Lying close to Merak is the planetary nebula M97 which is usually called the Owl Nebula due to its resemblance to an owl's face with two large eyes. It was first called this by Lord Rosse who drew it in 1848 - as shown in the image below right. Planetary nebulae ar the remnants of stars similar in size to our Sun. When all possible nuclear fusion processes are complete, the central core collpses down into a "white dwarf" star and the the outer parts of the star are blown off to form the surrounding nebula.
The constellation Hercules
Between the constellation Bootes and the bright star Vega in Lyra lies the constellation Hercules.The Red Giant star Alpha Herculis or Ras Algethi, its arabic name, is one of the largest stars known, with a diameter of around 500 times that of our Sun. In common with most giant stars it varies its size, changing in brightness as it does so from 3rd to 4th magnitude. Lying along one side of the "keystone" lies one of the wonders of the skies, the great globular cluster, M13. Just visible to the unaided eye on a dark clear night, it is easily seen through binoculars as a small ball of cotten wool about 1/3 the diameter of the full Moon. The brightness increases towards the centre where the concentration of stars is greatest. It is a most beautiful sight in a small telescope. It contains around 300,000 stars in a region of space 100 light years across, and is the brightest globular cluster that can be seen in the northern hemisphere.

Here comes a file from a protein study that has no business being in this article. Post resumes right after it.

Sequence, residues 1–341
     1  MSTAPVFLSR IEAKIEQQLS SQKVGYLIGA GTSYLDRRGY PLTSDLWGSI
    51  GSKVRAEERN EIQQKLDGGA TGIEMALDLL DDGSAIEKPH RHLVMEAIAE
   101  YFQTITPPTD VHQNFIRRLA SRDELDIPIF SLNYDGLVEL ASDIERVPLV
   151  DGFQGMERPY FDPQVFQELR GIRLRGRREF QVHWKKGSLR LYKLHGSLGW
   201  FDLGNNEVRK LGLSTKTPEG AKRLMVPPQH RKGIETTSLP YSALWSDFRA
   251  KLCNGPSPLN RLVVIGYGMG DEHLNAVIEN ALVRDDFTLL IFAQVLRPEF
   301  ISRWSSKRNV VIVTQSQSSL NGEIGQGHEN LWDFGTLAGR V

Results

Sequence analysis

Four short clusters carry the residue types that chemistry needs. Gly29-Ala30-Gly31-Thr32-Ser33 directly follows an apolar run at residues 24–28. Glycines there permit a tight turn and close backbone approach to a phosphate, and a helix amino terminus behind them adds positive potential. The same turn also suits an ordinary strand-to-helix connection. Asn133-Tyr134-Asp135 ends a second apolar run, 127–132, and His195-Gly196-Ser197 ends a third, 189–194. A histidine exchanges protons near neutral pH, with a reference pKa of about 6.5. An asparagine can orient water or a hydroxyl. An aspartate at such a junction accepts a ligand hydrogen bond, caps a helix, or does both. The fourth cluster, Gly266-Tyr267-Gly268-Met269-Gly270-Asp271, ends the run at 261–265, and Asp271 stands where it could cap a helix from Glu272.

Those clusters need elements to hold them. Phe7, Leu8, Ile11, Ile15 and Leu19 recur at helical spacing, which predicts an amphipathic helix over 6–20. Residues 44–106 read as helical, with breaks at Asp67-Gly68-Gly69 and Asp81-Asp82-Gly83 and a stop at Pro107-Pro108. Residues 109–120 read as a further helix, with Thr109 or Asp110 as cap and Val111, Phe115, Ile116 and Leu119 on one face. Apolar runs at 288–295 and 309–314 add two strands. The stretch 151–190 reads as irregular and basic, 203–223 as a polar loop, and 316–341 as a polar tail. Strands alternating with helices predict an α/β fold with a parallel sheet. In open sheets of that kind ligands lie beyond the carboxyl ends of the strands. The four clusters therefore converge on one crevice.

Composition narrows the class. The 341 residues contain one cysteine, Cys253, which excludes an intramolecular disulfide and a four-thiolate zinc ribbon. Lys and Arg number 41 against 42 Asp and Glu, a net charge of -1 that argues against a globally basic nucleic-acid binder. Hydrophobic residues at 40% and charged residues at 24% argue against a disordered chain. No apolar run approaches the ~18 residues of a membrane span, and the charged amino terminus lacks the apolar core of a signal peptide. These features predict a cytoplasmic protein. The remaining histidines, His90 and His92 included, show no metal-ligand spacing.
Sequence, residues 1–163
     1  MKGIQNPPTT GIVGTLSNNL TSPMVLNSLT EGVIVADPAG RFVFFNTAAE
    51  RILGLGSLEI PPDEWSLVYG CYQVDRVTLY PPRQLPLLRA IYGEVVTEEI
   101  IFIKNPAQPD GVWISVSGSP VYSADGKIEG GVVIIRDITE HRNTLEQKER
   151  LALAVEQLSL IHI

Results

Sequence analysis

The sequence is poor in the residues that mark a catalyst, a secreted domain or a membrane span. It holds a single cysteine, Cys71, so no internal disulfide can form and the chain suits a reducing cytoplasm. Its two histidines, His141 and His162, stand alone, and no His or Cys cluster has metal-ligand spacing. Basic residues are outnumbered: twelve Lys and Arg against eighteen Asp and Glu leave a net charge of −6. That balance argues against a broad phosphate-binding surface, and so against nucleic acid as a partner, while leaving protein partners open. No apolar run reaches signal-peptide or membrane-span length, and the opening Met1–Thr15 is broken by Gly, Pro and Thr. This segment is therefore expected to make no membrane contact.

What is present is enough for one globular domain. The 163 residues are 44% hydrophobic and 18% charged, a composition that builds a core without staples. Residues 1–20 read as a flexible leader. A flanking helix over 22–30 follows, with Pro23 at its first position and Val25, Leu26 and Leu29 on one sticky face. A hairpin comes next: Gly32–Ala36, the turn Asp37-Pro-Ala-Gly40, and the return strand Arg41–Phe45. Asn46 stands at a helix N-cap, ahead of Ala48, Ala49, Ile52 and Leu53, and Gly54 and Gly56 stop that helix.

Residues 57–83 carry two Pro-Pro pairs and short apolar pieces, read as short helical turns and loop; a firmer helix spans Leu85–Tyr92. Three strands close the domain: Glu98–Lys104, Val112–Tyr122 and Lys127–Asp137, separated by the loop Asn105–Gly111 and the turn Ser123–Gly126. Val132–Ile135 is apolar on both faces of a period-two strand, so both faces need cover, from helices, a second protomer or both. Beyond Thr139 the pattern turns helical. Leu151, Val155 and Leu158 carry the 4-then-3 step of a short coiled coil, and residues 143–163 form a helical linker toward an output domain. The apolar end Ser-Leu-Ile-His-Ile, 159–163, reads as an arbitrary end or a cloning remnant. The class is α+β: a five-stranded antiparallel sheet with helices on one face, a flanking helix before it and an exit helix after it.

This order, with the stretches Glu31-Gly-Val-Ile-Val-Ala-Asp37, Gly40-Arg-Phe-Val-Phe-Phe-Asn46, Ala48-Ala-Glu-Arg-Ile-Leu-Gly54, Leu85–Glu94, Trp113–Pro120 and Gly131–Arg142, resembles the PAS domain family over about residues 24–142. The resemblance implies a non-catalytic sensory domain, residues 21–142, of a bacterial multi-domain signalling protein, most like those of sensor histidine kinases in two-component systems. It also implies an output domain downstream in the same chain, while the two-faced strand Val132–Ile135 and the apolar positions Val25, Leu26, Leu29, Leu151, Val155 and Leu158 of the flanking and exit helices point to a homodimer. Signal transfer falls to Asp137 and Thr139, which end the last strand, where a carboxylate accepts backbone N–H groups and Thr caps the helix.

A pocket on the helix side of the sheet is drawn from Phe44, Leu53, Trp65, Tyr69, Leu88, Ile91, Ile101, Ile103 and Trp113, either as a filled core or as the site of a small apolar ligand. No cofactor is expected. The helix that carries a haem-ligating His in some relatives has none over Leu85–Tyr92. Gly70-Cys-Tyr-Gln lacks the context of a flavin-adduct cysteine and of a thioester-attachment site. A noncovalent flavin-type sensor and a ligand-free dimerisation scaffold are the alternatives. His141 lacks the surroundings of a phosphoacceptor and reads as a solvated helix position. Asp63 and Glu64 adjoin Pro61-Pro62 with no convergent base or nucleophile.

The constellation Virgo
Virgo, in the south-east after sunset this month, is not one of the most prominent constellations, containing only one bright star, Spica, but is one of the largest and is very rewarding for those with "rich field" telescopes capable of seeing the many galaxies that lie within its boundaries. Spica is, in fact, an exceedingly close double star with the two B type stars orbiting each other every 4 days. Their total luminosity is 2000 times that of our Sun. In the upper right hand quadrant of Virgo lies the centre of the Virgo Cluster of galaxies. There are 13 galaxies in the Messier catalogue in this region, all of which can be seen with a small telescope. The brightest is the giant elliptical galaxy, M87, with a jet extending from its centre where there is almost certainly a massive black hole into which dust and gas are falling. This releases great amounts of energy which powers particles to reach speeds close to the speed of light forming the jet we see. M87 is also called VIRGO A as it is a very strong radio source.